Research Roundup: How COVID-19 Spreads and How to Stop It
3 MINUTE READ
Discover the latest science on protecting yourself – from how the virus passes through the air to how long people may be contagious.
By Thomas Vincz, Public Relations Manager
Until there’s a vaccine against COVID-19, one of the best defenses we have is information about how the virus passes from one person to another. Get up to speed on the latest guidelines and science:
Airborne transmission confirmed. The Centers for Disease Control and Prevention (CDC) recently revised its COVID-19 guidelines to include that the coronavirus can linger in the air for minutes to hours and travel farther than six feet. Previously, it was reported that COVID-19 was mainly spread when an infected person coughs, sneezes, sings, talks or breathes, sending respiratory droplets about six feet into the air. It’s still believed this is the main cause of infection.
However, in certain circumstances – namely within enclosed spaces that had inadequate ventilation or when an infected person was breathing heavily while singing or exercising – airborne transmission can help explain some infections that didn’t result from close contact. In any case, wearing a mask, maintaining social distance and avoiding large indoor gatherings are the best ways to avoid airborne transmission.
When people with COVID-19 stop being contagious. If you think or know you’ve had COVID-19, several factors influence when you can be around other people without passing the virus, according to the CDC. If you’ve had symptoms, you should wait 10 days since symptoms appeared, be fever-free for 24 hours and ensure other COVID-19 symptoms are improving (note: the CDC says that most people don’t require testing to make this decision). If you had no symptoms, you only need to wait 10 days. If you’ve been in close contact with someone with COVID-19, however, you should isolate at home for 14 days after your latest exposure.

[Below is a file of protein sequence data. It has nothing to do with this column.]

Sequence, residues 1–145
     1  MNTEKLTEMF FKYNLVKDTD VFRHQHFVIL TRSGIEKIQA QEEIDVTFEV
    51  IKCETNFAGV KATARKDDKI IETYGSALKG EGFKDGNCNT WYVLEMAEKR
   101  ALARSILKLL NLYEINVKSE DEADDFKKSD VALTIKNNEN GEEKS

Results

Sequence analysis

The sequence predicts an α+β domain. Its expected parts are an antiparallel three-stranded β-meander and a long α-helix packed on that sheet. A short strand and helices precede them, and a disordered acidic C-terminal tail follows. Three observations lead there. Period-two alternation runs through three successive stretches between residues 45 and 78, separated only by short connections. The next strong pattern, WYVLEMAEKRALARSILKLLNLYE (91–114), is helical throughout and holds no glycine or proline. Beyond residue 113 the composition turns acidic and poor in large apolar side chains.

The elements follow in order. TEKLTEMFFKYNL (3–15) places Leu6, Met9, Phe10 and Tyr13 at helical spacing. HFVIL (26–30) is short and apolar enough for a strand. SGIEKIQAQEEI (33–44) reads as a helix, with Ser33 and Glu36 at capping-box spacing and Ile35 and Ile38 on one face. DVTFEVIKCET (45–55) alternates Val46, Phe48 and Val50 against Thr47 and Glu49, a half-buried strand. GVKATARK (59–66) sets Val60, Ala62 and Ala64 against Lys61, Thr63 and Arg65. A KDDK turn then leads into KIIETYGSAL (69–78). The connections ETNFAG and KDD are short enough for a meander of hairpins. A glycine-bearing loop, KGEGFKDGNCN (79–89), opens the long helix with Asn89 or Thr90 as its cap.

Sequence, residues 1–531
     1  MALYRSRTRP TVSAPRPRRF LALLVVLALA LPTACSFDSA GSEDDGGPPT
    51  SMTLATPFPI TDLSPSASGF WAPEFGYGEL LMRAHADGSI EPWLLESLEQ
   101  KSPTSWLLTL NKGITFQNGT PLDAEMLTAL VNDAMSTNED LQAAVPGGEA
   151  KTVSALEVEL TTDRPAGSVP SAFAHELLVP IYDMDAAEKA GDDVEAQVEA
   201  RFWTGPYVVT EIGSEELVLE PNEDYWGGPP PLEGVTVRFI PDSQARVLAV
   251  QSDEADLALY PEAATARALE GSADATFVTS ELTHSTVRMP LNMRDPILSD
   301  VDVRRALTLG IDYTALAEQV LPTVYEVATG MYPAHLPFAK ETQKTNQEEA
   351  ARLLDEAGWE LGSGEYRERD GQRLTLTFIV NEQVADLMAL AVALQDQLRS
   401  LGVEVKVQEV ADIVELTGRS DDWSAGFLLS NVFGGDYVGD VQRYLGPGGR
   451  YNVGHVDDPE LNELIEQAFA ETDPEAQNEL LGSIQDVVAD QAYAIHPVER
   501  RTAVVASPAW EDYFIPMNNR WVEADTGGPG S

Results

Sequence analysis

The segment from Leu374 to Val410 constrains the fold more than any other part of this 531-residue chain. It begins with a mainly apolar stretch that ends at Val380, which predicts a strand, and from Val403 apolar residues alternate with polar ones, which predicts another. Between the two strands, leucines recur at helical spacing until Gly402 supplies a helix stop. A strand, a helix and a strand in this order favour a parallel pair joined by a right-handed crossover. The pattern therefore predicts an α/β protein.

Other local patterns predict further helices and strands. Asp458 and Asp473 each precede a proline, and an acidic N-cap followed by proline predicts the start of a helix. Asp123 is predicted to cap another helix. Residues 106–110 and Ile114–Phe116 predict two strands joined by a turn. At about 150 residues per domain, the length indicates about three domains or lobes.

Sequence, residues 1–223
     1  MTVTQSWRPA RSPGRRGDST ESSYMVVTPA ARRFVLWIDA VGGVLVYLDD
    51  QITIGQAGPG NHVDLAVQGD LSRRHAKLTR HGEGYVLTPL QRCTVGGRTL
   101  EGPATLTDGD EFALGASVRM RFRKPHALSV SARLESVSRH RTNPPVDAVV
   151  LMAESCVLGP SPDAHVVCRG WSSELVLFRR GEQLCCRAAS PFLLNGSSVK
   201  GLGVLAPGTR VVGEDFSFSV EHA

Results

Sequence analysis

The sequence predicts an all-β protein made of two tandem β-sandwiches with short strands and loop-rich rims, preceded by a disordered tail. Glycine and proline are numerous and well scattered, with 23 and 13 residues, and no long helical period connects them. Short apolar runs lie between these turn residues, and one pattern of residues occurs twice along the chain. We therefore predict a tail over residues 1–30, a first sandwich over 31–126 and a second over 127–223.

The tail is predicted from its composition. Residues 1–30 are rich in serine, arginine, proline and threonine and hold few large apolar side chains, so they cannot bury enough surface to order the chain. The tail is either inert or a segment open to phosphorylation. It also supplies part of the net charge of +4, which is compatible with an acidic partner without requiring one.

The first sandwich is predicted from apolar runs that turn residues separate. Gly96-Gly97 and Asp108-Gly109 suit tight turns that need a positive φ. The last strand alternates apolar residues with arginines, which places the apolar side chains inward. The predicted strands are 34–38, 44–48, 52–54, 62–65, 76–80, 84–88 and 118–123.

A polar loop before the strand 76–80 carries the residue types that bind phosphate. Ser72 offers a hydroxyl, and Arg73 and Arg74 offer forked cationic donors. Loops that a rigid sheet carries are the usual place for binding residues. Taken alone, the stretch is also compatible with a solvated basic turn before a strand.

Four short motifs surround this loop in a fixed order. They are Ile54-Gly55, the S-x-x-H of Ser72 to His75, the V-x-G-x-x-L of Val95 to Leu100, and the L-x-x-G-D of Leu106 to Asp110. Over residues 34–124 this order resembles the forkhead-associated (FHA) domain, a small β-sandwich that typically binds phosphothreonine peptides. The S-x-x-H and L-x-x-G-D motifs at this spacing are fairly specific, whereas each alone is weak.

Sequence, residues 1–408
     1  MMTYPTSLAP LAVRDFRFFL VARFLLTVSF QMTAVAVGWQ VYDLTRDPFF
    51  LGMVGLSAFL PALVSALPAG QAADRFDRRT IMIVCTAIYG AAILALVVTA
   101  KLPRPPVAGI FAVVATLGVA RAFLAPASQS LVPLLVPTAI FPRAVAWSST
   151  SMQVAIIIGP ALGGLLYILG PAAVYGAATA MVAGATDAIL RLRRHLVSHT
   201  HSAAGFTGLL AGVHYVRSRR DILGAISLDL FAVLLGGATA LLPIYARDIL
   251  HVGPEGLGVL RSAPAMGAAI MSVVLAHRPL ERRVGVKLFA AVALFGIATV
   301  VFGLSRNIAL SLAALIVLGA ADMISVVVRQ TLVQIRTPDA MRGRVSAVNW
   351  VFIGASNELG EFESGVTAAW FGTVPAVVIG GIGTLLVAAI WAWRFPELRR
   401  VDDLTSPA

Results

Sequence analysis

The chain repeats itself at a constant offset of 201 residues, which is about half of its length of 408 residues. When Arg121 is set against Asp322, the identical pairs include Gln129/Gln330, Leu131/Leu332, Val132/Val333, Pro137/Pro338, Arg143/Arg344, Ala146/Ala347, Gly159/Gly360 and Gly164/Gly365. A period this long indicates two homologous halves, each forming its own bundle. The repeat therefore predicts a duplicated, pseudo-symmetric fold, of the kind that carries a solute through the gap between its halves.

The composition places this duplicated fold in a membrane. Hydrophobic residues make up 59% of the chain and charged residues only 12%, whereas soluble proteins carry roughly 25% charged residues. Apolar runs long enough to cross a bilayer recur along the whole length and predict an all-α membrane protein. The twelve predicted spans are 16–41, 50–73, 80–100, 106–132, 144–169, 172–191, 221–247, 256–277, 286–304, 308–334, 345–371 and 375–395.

COVID-19 can survive on skin for nine hours. A new study out of Japan confirms the importance of washing your hands or using sanitizer to prevent the spread of COVID-19. The research found that the coronavirus can remain alive on skin for about nine hours, in contrast to the influenza virus, which can linger for only about two hours. Both viruses were quickly inactivated on skin 15 seconds after using hand sanitizer that was 80% ethanol. The study didn’t measure how much COVID-19 virus would need to be present to give someone an infection from contact with contaminated skin.
Cleaning and disinfecting are key to reducing the risk of exposure. To make sure your home and workplace are as safe as possible from the virus, continue to keep surfaces clean, per the updated CDC guidelines. The CDC provides a framework for when to use just soap and water and when to use EPA-approved disinfectants, as well as advice for specific surfaces like faucets or carpet. To learn more about how long the virus can survive on various surfaces, check out this research.